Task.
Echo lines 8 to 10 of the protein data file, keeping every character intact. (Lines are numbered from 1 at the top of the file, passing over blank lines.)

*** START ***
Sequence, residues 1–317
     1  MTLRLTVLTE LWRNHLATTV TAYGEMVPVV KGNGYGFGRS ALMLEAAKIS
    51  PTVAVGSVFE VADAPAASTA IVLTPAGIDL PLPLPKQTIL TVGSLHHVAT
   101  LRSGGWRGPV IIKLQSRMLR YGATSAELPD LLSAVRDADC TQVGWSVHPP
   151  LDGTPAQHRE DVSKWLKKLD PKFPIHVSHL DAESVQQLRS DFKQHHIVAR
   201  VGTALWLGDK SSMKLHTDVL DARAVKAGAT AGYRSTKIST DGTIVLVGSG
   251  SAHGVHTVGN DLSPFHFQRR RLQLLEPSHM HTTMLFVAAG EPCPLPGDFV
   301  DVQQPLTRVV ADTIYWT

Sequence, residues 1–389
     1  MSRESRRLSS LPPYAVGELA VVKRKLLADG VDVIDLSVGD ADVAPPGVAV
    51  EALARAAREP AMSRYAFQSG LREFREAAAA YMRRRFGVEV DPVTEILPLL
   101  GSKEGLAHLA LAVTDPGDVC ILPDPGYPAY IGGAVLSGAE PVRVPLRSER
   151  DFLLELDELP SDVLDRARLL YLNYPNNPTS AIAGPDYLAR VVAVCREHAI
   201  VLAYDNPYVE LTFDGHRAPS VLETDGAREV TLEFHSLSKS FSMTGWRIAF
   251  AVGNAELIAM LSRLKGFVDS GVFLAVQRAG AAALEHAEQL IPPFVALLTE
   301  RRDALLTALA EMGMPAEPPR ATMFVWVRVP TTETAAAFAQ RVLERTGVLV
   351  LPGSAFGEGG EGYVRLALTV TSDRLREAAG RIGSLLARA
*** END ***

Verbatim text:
   301  DVQQPLTRVV ADTIYWT

Sequence, residues 1–389
     1  MSRESRRLSS LPPYAVGELA VVKRKLLADG VDVIDLSVGD ADVAPPGVAV